En español | Although the medical community has been advocating for telehealth for years, it's only now, in the midst of a global pandemic, that many Americans are getting a chance to experience it firsthand.
To protect patients and themselves from the coronavirus, medical providers in nearly every specialty have made the leap to virtual appointments, bolstered by Medicaid's and Medicare's expanded coverage of the practice.
"The American public is getting a crash course in telehealth,” says Mei Wa Kwong, executive director of the Center for Connected Health Policy, a Sacramento, California–based nonprofit that promotes the use of technology in health care. “After this I think you're going to see people saying, ‘Why do I have to go to the office and sit for an hour and be exposed to sick people? During COVID-19 I took care of this virtually.’ “
Telemedicine is especially valuable for older people with limited mobility, Kwong notes, and for those who live in rural areas, hours away from the nearest specialist.
While there are still a variety of medical procedures that can be done only in person (drawing blood, for example, or listening to someone's lungs), the coronavirus pandemic is prompting patients across the country to recognize the benefits of telehealth.
Saves time and hassle
Teri Siegel, 69, knew she needed to see a urologist, but she was nervous about leaving her Charlotte, North Carolina, home during the coronavirus outbreak. So when the urologist's office called last week to see if she would be comfortable switching to a virtual visit, Siegel was relieved, even though she had never tried telemedicine before.
A few days later, via a video chat application on her cellphone, Siegel connected with her doctor, who asked some questions about her symptoms and then prescribed a medication. It didn't just feel safer, Siegel says; it was also a lot more convenient than an in-person appointment.
"It took less than 15 minutes,” she notes. “Normally, I would have to get in my car and drive a half-hour and wait in the office and then get back in the car and drive home. That takes half a day."
Comforting and confidence boosting
Mary Beth Beaulieu, 62, of Billings, Montana, has been using teleconferencing for years in her job as a professional development coach. But her primary care doctor didn't offer remote visits until last week, in response to the coronavirus crisis.
"Finally, the world is catching up,” says Beaulieu, who recently had hip replacement surgery. “I had some post-op questions, and the opportunity to meet my doctor virtually was a godsend."
She asked about gastrointestinal issues she had been having since the surgery, and her doctor reassured her that her symptoms were normal. They also reviewed Beaulieu's medication and talked about how she was managing her blood pressure.
"It did feel like we were eye to eye,” Beaulieu says. “It was so much more personal and relational than a phone call. My doctor has a great energy about her, so feeling that connection was cool.”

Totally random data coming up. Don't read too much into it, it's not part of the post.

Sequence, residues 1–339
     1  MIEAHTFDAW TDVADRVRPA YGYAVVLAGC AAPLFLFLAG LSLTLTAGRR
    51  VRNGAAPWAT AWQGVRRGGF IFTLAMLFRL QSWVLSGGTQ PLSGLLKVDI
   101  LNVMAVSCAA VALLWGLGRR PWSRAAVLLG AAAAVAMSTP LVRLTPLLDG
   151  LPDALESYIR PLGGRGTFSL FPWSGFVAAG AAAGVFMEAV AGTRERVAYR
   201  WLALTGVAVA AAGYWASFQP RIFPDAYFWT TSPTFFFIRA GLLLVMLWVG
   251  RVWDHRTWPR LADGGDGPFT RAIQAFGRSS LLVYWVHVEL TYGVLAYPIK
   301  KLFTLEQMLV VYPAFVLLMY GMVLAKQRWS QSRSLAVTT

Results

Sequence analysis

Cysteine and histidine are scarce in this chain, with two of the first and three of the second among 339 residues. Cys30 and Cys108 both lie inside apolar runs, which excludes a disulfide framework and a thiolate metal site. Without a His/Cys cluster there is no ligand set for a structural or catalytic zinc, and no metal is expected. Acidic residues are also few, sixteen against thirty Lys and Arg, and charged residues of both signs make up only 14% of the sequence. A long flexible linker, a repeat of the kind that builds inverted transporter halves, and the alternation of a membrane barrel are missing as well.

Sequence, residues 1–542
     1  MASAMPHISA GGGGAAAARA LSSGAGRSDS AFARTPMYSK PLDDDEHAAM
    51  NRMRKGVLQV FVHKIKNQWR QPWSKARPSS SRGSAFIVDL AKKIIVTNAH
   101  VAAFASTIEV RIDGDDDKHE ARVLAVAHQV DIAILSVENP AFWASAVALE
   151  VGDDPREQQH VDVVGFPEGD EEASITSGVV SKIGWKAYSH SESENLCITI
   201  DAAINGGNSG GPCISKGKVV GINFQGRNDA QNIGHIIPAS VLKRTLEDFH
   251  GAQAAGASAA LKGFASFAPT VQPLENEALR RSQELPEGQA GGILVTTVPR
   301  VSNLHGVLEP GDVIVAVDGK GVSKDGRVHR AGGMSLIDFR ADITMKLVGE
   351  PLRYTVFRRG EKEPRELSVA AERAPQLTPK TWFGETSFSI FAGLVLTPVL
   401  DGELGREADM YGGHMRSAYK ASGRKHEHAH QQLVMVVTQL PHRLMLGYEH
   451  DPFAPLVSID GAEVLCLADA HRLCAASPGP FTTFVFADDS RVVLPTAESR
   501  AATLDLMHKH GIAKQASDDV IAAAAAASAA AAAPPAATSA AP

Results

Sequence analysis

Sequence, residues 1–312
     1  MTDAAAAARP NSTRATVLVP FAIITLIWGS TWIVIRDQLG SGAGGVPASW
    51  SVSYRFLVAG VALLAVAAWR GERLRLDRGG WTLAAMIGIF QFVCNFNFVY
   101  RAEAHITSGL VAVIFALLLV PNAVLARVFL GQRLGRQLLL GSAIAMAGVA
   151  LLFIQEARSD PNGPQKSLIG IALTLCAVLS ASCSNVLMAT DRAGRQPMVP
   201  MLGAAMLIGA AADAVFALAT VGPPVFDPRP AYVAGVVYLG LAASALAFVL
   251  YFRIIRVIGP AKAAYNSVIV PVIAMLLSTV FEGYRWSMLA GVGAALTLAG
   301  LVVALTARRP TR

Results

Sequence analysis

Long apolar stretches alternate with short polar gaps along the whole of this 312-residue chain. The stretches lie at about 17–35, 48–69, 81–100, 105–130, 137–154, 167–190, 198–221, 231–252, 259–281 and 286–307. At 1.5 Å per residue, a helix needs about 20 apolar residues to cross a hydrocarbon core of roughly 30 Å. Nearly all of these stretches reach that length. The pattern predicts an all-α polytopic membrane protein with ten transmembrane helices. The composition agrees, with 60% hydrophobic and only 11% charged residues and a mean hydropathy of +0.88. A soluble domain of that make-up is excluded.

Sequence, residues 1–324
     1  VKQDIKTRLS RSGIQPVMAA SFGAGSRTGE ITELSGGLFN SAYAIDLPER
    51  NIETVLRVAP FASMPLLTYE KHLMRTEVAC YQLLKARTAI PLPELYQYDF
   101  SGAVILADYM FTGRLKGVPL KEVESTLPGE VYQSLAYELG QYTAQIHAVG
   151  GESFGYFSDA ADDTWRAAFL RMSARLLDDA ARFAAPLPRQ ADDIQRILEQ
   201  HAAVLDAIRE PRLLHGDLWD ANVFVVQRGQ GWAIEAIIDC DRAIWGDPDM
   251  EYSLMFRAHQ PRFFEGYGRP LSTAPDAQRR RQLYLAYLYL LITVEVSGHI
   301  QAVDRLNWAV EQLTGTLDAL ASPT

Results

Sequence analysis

Beaulieu says she feels “comfort and confidence” knowing she has online access to her doctor. “As you get older you're more likely to have mobility issues, and you want to know you can talk to somebody.”
The only downside, she points out, was that her doctor couldn't check her blood pressure remotely. But she has already ordered a blood pressure cuff so that she can take the reading herself during virtual appointments in the future. “Even in good times, I'd rather limit my exposure to germs,” Beaulieu adds.
Easy even if you're not tech savvy
Mark Hagenbuch, 66, of Dillsburg, Pennsylvania, says he has to be vigilant about his exposure to infection even when there isn't a global pandemic, because treatments for his stage 4 prostate cancer have weakened his immune system.
Hagenbuch has left his house only once in the past 35 days, and that was to get an injection required for his cancer treatment.
Last week he had his first experience with telemedicine, a virtual appointment with his oncologist. The two connected over a telehealth video platform called Vidyo. Both his doctor and a nurse were on the line, and Hagenbuch was able to ask questions about side effects from his treatment. He and his doctor were even able to joke a bit, as always.
"I'm not real techie with computers, but I did OK,” he says, adding that the only downside was not seeing some of the other staff. “After four years [with prostate cancer], I know everyone in the office — the receptionists, the nurses, the lab techs — so I missed seeing them.”
Then again, having zero wait time to see the doctor did have its advantages. “I could be here at home, doing whatever I wanted to do, until five minutes before, when I got a text from the nurse asking if I was ready.”
A speedy (digital) diagnosis
Gail Schaeffer, 72, of Sarasota, Florida, recently had a virtual appointment with her dermatologist, to check for skin cancer. Because the doctor normally examines every inch of her skin, she wasn't sure how the appointment would work.
The office asked Schaeffer, who has had squamous cell carcinomas before, to take one close-up photo and another, more distant photo of any suspicious spots and email them before the appointment.
"When I talked to the doctor, she was looking at the photos,” Schaeffer says. “There was one that she said wasn't a great photo, so she asked me to show her live. I just turned around my phone and showed her the mole, and she took a look at it in real time. I was very impressed."
The good news, Schaeffer says, is that her dermatologist was able to evaluate the moles remotely and most of them were nothing to worry about. The bad news is that one does need to be removed and she has to wait until the office is open again to have the procedure.
Fortunately, squamous cell carcinomas are usually slow growing. And Schaeffer was still pleased with the experience and how much time it saved. “I hope they will continue this when the virus is gone.”